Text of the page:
Republican Tennessee Sen. Marsha Blackburn blocked a unanimous consent vote Thursday that would require campaigns to notify the FBI if they get contacted by a foreign entity.
Blackburn blocked the bill, which was introduced by Democratic Virginia Sen. Mark Warner, saying that it was “overbroad” and applied to individual campaign workers on “so many different levels,” CNN’s Manu Raju reported.
On the floor moments ago, Blackburn said that the Warner legislation’s reporting requirements are “overbroad.” She says that it would apply to campaign workers on “so many different levels” — from vendors to door knockers to phone bankers.
— Manu Raju (@mkraju) June 13, 2019
Her vote comes one day after President Donald Trump said he wouldn’t necessarily go to the FBI in the event his campaign was contacted by foreign groups during an interview with ABC’s George Stephanopoulos.
Sen. Warner tries to unanimously pass bill requiring candidates to report attempts at foreign elections interference
Sen. Blackburn objects
— Burgess Everett (@burgessev) June 13, 2019
“Somebody comes up and says, ‘Hey, I have information on your opponent.’ Do you call the FBI?” Trump stated. “I don’t think in my whole life I’ve ever called the FBI. In my whole life. You don’t call the FBI. You throw somebody out of your office. You do whatever you do.”
Stephanopoulos then asked the president if a member of Trump’s reelection campaign should go to the FBI if they are contacted by a foreign government with dirt on an opponent. (RELATED: Daily Caller Editors Live Chat: Media Goes Ballistic Over Trump’s Foreign Oppo Comment)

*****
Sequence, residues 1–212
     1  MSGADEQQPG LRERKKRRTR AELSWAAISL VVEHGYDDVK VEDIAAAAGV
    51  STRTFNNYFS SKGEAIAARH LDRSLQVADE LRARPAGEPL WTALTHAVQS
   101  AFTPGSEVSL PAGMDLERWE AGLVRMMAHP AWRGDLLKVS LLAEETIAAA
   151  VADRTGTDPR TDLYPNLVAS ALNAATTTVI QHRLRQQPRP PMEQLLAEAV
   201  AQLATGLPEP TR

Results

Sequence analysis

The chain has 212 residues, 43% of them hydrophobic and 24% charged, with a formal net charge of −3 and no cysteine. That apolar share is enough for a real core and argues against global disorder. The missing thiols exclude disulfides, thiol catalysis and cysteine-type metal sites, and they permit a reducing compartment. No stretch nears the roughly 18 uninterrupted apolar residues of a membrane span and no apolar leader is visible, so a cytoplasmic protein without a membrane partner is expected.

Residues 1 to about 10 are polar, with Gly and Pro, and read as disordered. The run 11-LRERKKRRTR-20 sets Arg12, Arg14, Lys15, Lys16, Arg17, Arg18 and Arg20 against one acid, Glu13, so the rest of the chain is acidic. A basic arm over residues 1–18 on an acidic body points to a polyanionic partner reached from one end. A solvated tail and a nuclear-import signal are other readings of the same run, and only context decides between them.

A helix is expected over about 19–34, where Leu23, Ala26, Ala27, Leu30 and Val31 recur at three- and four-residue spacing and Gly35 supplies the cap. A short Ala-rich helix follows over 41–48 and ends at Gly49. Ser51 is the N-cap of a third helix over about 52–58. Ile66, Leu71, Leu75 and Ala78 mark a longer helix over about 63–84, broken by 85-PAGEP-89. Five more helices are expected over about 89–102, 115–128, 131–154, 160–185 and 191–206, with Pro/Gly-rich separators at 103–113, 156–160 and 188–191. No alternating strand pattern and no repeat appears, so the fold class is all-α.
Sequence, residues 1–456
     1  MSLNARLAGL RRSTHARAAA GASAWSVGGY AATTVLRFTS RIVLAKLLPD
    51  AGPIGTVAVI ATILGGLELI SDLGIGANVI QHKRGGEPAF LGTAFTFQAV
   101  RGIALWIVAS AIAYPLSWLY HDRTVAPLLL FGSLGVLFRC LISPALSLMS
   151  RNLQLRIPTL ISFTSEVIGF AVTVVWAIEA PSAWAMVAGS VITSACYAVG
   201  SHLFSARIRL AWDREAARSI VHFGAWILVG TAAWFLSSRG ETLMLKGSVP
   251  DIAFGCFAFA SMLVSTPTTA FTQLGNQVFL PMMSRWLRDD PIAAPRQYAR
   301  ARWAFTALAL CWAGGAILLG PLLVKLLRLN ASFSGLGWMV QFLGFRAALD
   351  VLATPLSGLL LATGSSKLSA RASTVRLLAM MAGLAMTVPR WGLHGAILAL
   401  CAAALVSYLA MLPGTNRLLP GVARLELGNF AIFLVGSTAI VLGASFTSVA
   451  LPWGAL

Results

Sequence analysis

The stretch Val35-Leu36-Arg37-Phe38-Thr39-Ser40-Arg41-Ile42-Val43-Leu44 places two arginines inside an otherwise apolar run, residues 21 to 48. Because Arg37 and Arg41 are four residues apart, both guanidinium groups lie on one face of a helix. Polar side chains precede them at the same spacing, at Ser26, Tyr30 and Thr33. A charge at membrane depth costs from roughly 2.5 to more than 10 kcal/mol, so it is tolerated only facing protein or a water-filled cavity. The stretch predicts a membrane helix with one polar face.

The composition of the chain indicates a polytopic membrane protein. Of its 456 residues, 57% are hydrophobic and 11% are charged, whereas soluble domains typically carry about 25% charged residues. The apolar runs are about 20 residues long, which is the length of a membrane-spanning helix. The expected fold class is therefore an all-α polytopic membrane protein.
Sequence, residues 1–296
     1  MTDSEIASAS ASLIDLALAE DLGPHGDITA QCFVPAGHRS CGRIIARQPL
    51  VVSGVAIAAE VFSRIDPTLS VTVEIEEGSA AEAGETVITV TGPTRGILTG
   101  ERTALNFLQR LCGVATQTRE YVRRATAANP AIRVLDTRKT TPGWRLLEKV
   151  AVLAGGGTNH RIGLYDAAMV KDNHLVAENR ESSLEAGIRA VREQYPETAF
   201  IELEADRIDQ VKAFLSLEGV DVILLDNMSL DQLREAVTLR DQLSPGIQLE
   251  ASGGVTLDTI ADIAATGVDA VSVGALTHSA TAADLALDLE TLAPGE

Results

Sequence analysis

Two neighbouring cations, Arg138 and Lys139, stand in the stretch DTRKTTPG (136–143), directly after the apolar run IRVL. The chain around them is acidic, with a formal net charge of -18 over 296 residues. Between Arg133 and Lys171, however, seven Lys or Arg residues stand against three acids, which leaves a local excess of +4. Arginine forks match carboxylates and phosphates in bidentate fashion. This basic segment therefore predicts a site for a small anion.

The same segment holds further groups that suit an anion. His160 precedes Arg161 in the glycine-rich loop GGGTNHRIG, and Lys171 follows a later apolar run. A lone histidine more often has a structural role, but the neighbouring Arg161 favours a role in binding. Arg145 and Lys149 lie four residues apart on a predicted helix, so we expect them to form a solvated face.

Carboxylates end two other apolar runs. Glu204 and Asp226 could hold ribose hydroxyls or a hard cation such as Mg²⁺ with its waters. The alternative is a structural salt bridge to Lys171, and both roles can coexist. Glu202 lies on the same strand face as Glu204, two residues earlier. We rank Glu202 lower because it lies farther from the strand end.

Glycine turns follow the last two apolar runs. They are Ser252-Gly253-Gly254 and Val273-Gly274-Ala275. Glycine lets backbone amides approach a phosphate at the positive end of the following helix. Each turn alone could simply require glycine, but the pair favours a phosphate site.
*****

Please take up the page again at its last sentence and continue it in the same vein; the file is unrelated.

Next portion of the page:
“I think maybe you do both. I think you might want to listen. There isn’t anything wrong with listening,” the president responded. “If somebody called from a country —Norway — [and said,] ‘We have information on your opponent’ — oh, I think I’d want to hear it.”
Trump justified his statement by suggesting everyone does it. Many on the right pointed out that former Secretary of State Hillary Clinton was involved in funding opposition research conducted by British spy Christopher Steele that relied on foreign sources.
Eight presidential candidates have already come out and pledged that they would report any attempt from foreign entities to contact them with opposition research to the FBI, according to Politico.